The Shard opened its gate to the public the following year in February for everyone to enjoy the majestic views of London one can get from the building.
Fun Fact: In between the construction, a fox decided to make The Shard its home. The workers named him Romeo. He was later taken to Riverside Animal Centre, Wallington, to live a safe and better life.
So, next time anyone asks you, “Who was the first resident of The Shard?” just say that it was a fox named Romeo!
Exploring the Different Floors of The Shard
You must be curious now about what’s in this stellar building. Well, let us answer your questions and quench your curiosity. Come with us and take a brief tour of the different floors of The Shard.
Starting from the Bottom
The first level is mainly the entrance to the Shangri-La Hotel, The Shard restaurants, and the Viewing Gallery. Then on the second floor is the reception. Nothing too exciting here, so let’s move on!
From the fourth level to the 30th level, there are some truly vibrant business spaces. Thirty-two companies from different industries, such as retail, technology, media, healthcare, energy, finance, and education, occupy these designated floors.
Some of the most recognisable tenants in the building include HCA Healthcare UK, Tiffany & Co., The Office Group, Kraft Heinz, etc. Currently, you will also find some vacant floors.
Reaching the Middle Floor Levels
Mid-level floors are the main attraction. On the 31st, 32nd, and 33rd floors, you will find Aqua Shard, Oblix, and Hutong, respectively. They even have an event space on the 34th floor if you want to book a space for parties.
You will reach the five-star hotel, Shangri-La Hotel, on the 35th level. The hotel occupies all the floors from the 35th to the 52nd level, where they have an infinity pool.
You will absolutely love a stay at their suite, which is situated more than 125 metres above ground and provides a fantastic 40-mile view of the city.
If you can’t stay at the hotel, you should at least consider eating at the restaurant there or even in some of the other restaurants in the building.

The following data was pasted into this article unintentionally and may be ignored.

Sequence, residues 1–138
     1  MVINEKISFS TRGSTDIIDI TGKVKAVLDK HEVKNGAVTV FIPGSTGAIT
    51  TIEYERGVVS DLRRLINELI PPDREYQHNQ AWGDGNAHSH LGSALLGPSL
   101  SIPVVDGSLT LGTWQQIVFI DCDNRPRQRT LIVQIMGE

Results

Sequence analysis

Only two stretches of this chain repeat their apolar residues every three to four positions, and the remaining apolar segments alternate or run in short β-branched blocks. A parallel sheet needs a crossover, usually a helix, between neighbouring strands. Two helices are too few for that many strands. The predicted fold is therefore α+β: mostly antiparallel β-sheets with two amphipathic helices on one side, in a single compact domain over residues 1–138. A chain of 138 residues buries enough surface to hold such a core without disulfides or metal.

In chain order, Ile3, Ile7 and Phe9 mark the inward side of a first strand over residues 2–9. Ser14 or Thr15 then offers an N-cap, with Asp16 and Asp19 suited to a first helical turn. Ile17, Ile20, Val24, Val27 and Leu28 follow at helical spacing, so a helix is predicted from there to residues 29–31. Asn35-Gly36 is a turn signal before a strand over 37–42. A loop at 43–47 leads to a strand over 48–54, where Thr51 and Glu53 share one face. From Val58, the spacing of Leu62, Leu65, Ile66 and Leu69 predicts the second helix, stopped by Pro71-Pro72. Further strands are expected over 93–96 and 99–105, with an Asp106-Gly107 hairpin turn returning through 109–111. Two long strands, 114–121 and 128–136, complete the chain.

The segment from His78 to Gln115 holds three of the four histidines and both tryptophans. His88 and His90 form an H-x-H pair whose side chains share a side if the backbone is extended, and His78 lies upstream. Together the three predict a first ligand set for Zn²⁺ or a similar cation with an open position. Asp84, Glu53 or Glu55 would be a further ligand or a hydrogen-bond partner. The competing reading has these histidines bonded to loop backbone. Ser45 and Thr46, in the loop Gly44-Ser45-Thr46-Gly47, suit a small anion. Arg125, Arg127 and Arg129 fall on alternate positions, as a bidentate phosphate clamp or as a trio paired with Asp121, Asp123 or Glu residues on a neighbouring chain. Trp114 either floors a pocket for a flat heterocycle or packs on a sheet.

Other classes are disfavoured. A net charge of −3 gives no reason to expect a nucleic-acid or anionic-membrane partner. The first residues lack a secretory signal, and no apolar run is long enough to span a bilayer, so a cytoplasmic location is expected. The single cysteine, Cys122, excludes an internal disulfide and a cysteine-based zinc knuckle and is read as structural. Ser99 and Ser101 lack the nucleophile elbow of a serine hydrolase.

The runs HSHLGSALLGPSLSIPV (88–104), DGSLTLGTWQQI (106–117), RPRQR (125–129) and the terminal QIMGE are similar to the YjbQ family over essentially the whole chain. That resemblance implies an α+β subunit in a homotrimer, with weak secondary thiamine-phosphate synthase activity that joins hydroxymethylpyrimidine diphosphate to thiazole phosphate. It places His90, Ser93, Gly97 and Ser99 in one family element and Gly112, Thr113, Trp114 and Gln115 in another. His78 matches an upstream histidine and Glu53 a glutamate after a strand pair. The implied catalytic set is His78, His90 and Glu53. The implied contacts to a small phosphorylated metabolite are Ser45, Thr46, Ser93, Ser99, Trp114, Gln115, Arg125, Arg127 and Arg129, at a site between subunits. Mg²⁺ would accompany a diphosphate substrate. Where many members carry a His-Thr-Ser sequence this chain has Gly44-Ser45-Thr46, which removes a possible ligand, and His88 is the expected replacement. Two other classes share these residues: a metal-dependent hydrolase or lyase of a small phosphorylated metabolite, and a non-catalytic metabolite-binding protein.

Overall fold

Almost to the Top
Who doesn’t want to live in a magnificent and iconic building just near London Bridge? That’s why The Shard has 10 residential floors offering spectacular views of the city of London and top-of-the-line modern amenities.
The apartment spaces start from the 53rd-floor level and stretch all the way to the 65th floor, which stands around 735 feet high!
The Shard’s seven apartments are a total of 62,000 sq. feet in size.
Reaching the Top
The main attractions of the whole building are the top floors, where people can pay £34 per person to enjoy the panoramic view of the city.
The 68th, 69th, and 72nd floors contain the publicly accessible viewing deck of The Shard. In particular, the 72nd floor is the Open Air Viewing Platform, where you can enjoy a drink while viewing the scenic beauty and the London skyline.
Moreover, you can take great aerial photos of London from these floors. However, these floors receive approximately 6,000 to 7,000 visitors daily, so it gets pretty crowded at times.
Here’s an idea! You can enjoy a drink and the view from the Aqua Shard. The entry is free if you buy one drink. You may be able to escape the crowds in this way.
Viewing Some of the Other Tall Buildings in London
The Shard is the tallest building in London now, but there were others before it.
Let’s get you introduced to some of the skyscrapers that were the tallest building in London before The Shard.
1. One Canada Square
One Canada Square holds the record for being the tallest building for 18 years since 1990, until The Shard surpassed it. Cesar Pelli, along with Frederick Gibberd Coombes, and Adamson Associates, designed the 50-storey skyscraper. It stands at 235 metres (770 feet) in the Canary Wharf, London.
2. Heron Tower
Kohn Pedersen Fox designed the Heron Tower, now the third tallest building in London, falling just a few metres short of One Canada Square. It stands at a height of 230 metres in Bishopsgate, and it is the tallest building in London’s financial district.
3. Leadenhall Building
Affectionately or comically called “The Cheesegrater,” Leadenhall Building stands tall with a height of 225m (738 feet). It received the name because of its wedge-shaped building. The structure has 48 floors, which mainly consist of offices.
4. Citigroup Centre or 8 and 25 Canada Square
These structures are another incredible creation of Cesar Pelli. The building is 200 metres (656 feet) high, with HSBC Bank’s headquarters at No. 8 and Citigroup Centre at No.25.
London skyscrapers are worth a visit. They add a modern and futuristic touch to a skyline characterized by low-rise historic buildings. And not to mention how awe-inspiring and startling many of them happen to be!
Among all skyscrapers, The Shard stands the tallest and that makes it the tallest building in London. With so many restaurants, hotels, apartments, and office facilities, it is a must-visit place if you are exploring the heart of London.